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Series resistance in the metal-oxide-semiconductor field-effect transistor becomes increasingly important as design rules shrink. Material properties associated with the interconnect metal, the semiconductor, and the interface separating the two regions thus assume greater importance. An analytical formulation of the resistance in terms of these material properties is thus quite desirable. We formulate and solve a two-dimensional model of current flow by the method of matched asymptotic expansions. The major utility of this solution is provided by higher order corrections to the standard transmission line model of current flow in the ohmic contact region. We find that present methods for the extraction of material properties from experimental measurements with a transmission line model analysis would be enhanced by the inclusion of higher order terms we present here.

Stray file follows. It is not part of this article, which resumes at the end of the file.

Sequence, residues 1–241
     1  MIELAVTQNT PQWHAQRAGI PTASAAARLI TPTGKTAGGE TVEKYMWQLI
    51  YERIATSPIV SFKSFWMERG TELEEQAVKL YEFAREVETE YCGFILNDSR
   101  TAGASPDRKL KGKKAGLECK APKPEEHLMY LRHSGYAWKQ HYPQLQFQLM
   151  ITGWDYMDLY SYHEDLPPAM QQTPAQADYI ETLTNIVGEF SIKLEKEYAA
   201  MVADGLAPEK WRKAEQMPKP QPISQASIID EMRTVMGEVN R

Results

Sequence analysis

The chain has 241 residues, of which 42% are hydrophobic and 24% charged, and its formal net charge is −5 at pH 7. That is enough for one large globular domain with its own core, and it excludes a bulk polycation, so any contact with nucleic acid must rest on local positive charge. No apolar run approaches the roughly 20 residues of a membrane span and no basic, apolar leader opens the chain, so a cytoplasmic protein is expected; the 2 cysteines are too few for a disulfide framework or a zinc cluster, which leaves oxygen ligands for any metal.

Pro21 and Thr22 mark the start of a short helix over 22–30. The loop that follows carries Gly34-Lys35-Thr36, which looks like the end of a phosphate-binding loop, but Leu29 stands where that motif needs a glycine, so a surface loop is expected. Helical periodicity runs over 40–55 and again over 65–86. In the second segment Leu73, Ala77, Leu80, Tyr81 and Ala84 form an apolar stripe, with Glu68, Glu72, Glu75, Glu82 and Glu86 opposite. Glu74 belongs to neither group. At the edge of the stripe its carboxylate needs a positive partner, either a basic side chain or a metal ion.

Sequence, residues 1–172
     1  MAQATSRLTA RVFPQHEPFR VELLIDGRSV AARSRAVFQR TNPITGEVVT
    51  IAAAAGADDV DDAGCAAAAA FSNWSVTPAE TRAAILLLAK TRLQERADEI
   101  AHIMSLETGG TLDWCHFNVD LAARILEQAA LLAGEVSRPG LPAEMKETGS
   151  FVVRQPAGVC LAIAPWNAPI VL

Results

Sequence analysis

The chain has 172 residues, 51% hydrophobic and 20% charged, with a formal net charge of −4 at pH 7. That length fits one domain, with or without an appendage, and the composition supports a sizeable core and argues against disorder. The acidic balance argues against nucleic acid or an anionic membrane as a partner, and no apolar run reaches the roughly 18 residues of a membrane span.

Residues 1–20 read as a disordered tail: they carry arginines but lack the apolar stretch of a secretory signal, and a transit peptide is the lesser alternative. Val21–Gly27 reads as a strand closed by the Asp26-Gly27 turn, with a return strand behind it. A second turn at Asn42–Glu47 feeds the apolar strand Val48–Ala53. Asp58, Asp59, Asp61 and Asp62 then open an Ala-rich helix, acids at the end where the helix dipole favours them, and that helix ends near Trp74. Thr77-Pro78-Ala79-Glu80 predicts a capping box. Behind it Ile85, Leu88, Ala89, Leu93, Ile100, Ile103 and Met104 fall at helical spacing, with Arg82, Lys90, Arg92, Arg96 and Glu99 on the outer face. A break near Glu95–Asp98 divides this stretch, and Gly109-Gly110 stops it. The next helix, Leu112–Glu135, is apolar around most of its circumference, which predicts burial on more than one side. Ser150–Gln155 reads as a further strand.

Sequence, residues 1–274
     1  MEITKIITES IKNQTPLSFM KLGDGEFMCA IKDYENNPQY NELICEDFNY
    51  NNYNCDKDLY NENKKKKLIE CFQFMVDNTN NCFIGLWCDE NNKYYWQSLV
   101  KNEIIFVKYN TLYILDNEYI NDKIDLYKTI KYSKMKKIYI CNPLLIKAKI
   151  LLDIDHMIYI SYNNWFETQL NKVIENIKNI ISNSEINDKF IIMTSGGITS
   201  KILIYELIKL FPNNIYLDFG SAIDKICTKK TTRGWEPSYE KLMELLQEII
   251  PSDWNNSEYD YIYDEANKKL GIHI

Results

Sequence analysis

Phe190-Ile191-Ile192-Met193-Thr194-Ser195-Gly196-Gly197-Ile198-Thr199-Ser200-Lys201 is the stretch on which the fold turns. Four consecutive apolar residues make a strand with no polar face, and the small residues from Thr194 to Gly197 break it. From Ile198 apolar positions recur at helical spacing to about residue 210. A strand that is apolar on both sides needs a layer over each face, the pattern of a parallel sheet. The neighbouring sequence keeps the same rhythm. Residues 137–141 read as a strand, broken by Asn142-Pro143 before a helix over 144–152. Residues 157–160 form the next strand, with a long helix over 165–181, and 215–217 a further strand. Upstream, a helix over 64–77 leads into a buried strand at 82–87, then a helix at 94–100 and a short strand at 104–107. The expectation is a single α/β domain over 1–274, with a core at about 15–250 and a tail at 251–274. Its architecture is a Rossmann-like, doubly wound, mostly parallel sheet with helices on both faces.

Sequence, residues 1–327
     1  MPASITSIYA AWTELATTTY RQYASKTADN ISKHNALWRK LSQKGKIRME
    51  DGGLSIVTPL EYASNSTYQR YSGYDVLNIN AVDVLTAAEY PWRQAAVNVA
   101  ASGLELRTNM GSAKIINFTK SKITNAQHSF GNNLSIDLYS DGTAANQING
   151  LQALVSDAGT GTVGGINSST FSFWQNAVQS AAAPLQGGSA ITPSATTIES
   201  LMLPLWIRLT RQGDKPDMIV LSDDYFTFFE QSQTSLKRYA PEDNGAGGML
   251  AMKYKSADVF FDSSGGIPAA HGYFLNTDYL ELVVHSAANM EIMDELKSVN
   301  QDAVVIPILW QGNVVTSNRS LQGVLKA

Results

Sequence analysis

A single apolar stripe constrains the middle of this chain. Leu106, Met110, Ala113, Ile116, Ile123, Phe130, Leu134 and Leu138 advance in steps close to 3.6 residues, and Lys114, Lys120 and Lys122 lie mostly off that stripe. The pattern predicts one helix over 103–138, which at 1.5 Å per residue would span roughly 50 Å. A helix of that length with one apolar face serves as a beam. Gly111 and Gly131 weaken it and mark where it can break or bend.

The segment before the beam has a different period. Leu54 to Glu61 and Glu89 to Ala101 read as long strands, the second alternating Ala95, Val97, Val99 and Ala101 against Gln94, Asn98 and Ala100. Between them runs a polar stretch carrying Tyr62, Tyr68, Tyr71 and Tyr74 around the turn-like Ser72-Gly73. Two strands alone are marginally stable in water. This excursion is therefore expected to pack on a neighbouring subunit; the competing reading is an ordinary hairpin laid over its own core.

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Parasitic resistance in the metal-oxide-semiconductor field-effect transistor becomes increasingly important as design rules shrink. The majority of this resistance arises from the contact resistance of the metal-semiconductor interface and the resistance of the semiconductor source and drain regions. The most popular method for deriving current flow in this region is the transmission line model. Though this model has proven quite useful, the severe restriction of one-dimensional current flow will introduce errors in some situations. We formulate and solve a more sophisticated dual-level transmission line model in which we incorporate to first order the two-dimensional nature of the current flow. We discuss this model in terms of an enhancement to the transmission line model and present a detailed comparison of the two models. We find that the dual-level transmission line model produces significant (12 percent) corrections to the transmission line model with source resistivity and thickness and specific contact resistivity typical of 1-µm design rule technologies.